Hypothesis 2a: Organisational fit, links and sacrifices are negatively related to turnover intention.

Hypothesis 2aº: Organisational fit, links and sacrifices are not negatively related to turnover intention.

Hypothesis 3a: Affective, continuance and normative commitment, organisational fit, links and sacrifices are significant predictors of turnover intention.

Hypothesis 3aº: Affective, continuance and normative commitment, organisational fit, links and sacrifices are not significant predictors of turnover intention.



This study used a questionnaire (quantitative design, survey research). Using a questionnaire, information was collected to compare the relationship between the variables under investigation. This study focused on employees (lecturers) working at the University of Namibia (UNAM). The researchers distributed and collected questionnaires, allowing some time for the questionnaires to be completed during the spare time of the participants.


By using convenience sampling, all lecturing staff members working at UNAM who were willing and available were approached for participation (Creswell, 2003). A total of 242 questionnaires were completed and returned. This accounts for 81% of the total 300 questionnaires that were distributed. The sample consisted of n = 242 lecturers, 114 males and 128 females; additional information is presented here.

Measuring instruments
Biographical questionnaire

The researchers used a biographical section specifically related to gender, age, tenure at UNAM, highest qualification obtained and rank within the organisation (see Table 1).

TABLE 1: Biographical details of sample.

The Organisational Commitment Questionnaire (OCQ) by Allen and Meyer (1996) was used to measure organisational commitment. By using the 18-item version (six items per dimension), this study assessed normative, affective and continuance commitment (Brown, 2003). It was a self-reported questionnaire that used a response scale (1 – strongly disagree to 5 – strongly agree). Sample items included for continuance (‘one of the few negative consequences of leaving this organisation would be the scarcity of available alternatives’), normative (‘I would feel guilty if I leave my organisation right now’) and affective (‘I do not feel like “part of the family” at my organisation’) commitment. Cronbach’s alphas previously found for organisational commitment include affective commitment 0.71, normative commitment 0.71 and continuance commitment 0.71 (Pieters, 2015).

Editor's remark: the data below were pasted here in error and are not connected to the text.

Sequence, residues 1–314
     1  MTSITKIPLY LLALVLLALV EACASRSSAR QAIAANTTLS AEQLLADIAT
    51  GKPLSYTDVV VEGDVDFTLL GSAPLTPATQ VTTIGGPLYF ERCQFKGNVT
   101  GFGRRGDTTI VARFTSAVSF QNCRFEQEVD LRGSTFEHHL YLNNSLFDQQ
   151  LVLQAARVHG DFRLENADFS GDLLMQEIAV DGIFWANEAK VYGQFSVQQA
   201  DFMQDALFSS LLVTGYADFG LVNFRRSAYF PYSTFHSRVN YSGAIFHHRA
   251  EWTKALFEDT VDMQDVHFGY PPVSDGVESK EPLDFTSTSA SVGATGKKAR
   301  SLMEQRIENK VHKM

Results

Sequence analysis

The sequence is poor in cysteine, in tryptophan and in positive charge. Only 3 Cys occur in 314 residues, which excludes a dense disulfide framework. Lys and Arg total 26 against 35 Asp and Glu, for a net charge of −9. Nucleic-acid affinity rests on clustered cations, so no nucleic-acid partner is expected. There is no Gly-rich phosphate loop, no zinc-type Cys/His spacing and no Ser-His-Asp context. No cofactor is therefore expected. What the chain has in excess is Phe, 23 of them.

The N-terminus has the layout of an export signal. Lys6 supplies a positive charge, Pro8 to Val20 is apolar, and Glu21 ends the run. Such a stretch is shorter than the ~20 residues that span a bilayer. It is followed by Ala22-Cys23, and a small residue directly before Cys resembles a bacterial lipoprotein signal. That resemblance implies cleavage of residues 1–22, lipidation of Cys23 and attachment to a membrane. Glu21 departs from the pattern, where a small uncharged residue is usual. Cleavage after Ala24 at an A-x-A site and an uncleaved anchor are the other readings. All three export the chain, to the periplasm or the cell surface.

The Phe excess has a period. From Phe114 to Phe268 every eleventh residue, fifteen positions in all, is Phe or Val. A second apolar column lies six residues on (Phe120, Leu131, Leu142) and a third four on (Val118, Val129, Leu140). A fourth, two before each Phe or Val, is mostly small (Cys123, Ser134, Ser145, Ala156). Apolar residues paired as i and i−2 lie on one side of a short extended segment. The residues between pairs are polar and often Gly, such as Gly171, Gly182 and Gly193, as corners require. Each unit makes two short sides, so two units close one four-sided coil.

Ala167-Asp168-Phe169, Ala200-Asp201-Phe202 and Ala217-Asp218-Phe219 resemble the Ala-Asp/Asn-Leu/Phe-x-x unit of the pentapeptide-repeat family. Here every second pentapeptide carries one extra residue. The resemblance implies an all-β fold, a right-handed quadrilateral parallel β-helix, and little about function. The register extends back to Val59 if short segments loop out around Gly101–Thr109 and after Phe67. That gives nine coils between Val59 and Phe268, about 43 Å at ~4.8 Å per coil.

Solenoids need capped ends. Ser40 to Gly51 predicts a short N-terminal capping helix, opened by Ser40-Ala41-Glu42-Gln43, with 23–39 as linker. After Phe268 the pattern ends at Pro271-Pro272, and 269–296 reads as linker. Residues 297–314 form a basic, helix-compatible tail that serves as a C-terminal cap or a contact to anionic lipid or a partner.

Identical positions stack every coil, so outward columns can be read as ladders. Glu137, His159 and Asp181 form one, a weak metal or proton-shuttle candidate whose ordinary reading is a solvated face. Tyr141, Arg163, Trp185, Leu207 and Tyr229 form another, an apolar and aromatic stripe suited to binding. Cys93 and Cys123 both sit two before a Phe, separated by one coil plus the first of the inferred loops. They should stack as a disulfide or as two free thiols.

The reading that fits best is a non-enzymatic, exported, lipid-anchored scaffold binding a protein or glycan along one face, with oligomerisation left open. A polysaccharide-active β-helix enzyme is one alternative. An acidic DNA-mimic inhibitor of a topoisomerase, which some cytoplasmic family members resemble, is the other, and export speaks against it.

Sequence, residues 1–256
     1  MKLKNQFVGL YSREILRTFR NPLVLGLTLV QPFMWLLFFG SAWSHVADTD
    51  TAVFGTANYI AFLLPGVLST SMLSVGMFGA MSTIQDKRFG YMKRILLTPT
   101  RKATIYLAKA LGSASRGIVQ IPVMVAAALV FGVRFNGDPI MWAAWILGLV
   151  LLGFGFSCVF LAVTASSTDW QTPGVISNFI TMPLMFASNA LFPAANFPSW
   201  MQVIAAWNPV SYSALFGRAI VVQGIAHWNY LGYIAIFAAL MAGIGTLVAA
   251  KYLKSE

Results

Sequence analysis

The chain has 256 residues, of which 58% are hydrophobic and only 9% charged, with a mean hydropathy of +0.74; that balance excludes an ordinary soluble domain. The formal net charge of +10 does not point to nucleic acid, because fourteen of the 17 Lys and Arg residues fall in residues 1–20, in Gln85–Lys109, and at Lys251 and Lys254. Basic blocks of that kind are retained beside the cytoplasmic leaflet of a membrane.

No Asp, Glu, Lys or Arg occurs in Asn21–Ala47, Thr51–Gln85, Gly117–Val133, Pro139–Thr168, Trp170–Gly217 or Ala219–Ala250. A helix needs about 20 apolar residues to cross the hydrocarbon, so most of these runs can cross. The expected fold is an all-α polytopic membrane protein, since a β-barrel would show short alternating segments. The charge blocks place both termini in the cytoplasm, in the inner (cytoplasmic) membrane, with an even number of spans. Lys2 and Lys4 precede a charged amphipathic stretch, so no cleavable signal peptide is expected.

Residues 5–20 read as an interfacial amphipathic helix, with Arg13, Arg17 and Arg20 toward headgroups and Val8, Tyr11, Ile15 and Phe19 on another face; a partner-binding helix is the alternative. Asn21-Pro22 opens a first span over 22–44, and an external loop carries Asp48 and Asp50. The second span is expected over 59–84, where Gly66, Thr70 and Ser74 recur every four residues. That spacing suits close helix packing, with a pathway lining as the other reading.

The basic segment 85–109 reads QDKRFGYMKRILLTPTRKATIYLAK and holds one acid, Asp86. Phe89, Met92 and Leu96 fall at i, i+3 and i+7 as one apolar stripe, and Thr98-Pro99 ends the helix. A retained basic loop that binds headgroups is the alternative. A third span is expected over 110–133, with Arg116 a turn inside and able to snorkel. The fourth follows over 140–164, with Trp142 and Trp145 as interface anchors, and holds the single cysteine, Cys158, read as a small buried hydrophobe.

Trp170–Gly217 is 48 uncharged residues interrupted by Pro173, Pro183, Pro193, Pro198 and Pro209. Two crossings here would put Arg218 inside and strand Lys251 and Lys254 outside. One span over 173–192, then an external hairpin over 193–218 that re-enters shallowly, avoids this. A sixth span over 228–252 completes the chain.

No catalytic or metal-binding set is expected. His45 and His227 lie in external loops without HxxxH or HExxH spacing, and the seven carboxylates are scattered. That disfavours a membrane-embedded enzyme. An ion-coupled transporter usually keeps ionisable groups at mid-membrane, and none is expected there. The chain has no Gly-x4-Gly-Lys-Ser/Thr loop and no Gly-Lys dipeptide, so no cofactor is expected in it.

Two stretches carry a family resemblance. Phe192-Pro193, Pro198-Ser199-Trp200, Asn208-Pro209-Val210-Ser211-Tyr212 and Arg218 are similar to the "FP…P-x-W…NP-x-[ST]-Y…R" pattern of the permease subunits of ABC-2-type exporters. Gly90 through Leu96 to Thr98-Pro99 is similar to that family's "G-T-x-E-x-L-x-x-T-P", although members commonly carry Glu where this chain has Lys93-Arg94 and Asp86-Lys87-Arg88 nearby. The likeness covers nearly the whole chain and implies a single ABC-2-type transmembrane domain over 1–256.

The Job Embeddedness Scale (JES) (Mitchell et al., 2001) assessed links, fit and sacrifice (on the job and within the community). Responses ranged from 1 (strongly disagree) to 6 (strongly agree). It measured links (‘how many co-workers do you interact with regularly?’), fit (‘my job utilises my skills and talents well’) and sacrifice (‘I would sacrifice a lot if I left this job’). Acceptable alphas were reported by Ferreira and Coetzee (2013) (0.84 organisational fit, 0.77 organisational links, 0.87 organisational sacrifice). This study focused exclusively on the organisational dimensions.

To measure turnover intention, the Turnover Intention Scale (TIS – 6) was used (Bothma & Roodt, 2013). It used a 5 point scale ranging from 1 (never or to no extent) to 5 (most of the time or to a large extent). Bothma and Roodt (2013) found Cronbach’s alpha of 0.80.


This study used descriptive statistics to describe the data. Inferential statistics was used to aid in explaining the relationship between the variables and make inferences. Estimates of reliability, Pearson’s product-moment correlation, and stepwise multiple regression analysis was used (SPSS, 2016). The data were normally distributed, thus parametric statistics was used.

Ethical considerations

Ethical clearance was obtained from the University of the Free State; University of Namibia, UFS-HSD2015/0562, 24 November 2015.


Descriptive statistics and correlations

The mean, standard deviation (s.d.), Cronbach’s alpha and correlations were analysed and reported in Table 2.

TABLE 2: Descriptive statistics and Pearson correlation coefficient.